This picturesque city, famous for its red-tile roofs and Mediterranean architecture, is locked in a debate over how to remake its quaint but aging waterfront. Although many residents concede that renovation is needed, there is less agreement as to how that should happen.
At least three major developments have been proposed along Cabrillo Boulevard, the beachfront thoroughfare that is a hodgepodge of large-scale hotels, 1950s-era motels, bike rental and T-shirt shops, burger joints and seafood restaurants.
The most ambitious proposal, a $50-million aquarium and marine education center, is intended to emulate and compete with Monterey's successful aquarium. The center would be built on 18 acres between Cabrillo and U.S. 101 east of Stearns Wharf.
If all of the projects go forward, they will profoundly change the complexion of the waterfront. That prospect has spurred new anxiety over the pace of the city's growth and whether development should be geared toward tourists or residents.
Jon Clark, director of the Community Environmental Council in Santa Barbara, says the waterfront already offers enough for tourists. Instead, he would like to see improvements for residents, such as new housing and more parkland and open space.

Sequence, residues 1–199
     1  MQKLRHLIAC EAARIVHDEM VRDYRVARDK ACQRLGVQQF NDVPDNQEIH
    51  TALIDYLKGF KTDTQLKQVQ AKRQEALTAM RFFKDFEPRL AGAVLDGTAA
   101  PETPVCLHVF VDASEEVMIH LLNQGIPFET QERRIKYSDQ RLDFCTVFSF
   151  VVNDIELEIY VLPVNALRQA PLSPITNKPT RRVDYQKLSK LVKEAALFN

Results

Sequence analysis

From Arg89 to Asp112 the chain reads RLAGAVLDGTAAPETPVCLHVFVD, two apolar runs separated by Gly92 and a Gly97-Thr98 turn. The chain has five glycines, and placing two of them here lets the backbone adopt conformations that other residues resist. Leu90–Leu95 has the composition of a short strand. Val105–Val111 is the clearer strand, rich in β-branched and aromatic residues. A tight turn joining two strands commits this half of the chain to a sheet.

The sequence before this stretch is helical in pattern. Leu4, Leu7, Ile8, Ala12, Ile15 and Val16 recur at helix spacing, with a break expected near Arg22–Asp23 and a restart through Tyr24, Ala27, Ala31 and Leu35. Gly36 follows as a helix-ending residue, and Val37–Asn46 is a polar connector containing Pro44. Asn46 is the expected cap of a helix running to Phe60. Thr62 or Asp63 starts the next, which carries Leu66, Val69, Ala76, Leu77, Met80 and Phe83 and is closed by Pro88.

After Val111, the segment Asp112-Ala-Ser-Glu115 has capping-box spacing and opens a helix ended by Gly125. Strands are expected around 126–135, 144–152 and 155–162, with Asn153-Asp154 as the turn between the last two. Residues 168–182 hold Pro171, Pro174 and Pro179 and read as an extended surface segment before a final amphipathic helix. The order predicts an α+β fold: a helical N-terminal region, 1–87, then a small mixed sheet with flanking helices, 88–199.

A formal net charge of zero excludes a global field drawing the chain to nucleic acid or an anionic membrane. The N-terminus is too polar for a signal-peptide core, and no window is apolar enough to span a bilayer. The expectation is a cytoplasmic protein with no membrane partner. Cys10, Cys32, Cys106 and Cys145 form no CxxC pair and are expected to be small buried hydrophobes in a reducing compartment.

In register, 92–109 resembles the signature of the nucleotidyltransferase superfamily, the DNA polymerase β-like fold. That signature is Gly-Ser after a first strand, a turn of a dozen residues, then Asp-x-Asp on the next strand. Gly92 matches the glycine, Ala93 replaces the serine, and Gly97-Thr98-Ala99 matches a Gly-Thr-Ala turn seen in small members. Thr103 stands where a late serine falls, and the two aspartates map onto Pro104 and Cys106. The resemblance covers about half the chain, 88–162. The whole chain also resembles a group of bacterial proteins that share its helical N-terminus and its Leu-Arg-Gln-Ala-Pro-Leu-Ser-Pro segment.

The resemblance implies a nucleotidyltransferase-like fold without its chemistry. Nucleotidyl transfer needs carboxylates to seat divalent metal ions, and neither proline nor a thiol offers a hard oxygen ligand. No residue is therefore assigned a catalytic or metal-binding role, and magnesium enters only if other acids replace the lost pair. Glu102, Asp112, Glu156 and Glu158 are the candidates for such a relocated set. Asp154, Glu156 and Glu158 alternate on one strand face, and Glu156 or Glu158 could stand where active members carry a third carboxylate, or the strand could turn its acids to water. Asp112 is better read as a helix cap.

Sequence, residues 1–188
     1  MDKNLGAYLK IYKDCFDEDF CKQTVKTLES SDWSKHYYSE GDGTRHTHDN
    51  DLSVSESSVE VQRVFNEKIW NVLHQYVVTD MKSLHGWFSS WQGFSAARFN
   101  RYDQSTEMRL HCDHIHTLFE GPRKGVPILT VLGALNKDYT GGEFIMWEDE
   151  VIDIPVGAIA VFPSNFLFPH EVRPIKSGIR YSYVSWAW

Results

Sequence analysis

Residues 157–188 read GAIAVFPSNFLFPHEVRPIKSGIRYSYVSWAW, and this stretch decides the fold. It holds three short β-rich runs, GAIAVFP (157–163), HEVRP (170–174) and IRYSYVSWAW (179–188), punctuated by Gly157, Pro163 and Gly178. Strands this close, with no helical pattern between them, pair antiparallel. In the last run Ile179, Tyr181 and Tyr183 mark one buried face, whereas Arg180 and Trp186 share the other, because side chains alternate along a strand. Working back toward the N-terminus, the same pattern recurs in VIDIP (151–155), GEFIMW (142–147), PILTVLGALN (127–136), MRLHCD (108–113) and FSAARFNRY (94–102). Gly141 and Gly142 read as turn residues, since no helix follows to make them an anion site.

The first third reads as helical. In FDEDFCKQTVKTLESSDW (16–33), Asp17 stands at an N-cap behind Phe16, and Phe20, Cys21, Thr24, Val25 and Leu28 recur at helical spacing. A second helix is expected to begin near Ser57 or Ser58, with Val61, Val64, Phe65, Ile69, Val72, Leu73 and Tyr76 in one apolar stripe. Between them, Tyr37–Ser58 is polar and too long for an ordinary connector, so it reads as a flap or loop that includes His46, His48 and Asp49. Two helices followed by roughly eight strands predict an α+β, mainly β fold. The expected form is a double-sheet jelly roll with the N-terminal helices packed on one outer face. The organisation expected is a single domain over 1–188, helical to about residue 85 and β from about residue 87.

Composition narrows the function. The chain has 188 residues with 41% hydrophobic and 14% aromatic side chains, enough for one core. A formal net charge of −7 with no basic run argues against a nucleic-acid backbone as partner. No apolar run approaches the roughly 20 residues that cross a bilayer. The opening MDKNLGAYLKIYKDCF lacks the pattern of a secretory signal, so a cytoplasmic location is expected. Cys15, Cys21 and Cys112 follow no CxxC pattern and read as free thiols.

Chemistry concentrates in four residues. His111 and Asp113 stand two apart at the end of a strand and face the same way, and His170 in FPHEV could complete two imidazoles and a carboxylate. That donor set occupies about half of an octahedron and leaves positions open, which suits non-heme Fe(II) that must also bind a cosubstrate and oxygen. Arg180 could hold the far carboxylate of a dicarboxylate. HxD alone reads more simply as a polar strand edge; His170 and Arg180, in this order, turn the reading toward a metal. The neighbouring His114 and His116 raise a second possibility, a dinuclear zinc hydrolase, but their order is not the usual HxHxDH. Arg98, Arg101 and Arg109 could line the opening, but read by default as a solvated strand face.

Others believe that the projects would enhance the area.
"None of us wants to see Santa Barbara turn into an L.A. or anything else," said Fred Benko, owner of the Condor, a whale-watching boat. "We all want to preserve what we have. There isn't any need to change very much, and if it does need to change, it needs to change in line with what we have.
"I happen to be in favor of all three of these proposals."
Benko, who helped launch the whale-watching industry off the Santa Barbara coast, is especially interested in the aquarium and marine education center, which he says are vital to sustaining a thriving city economy.
"It's no more a tourist attraction than the zoo," he said.
Bill Wright, who owns the land where the aquarium would be built, is working with a nonprofit group, the Santa Barbara Channel Foundation, to promote plans to develop it.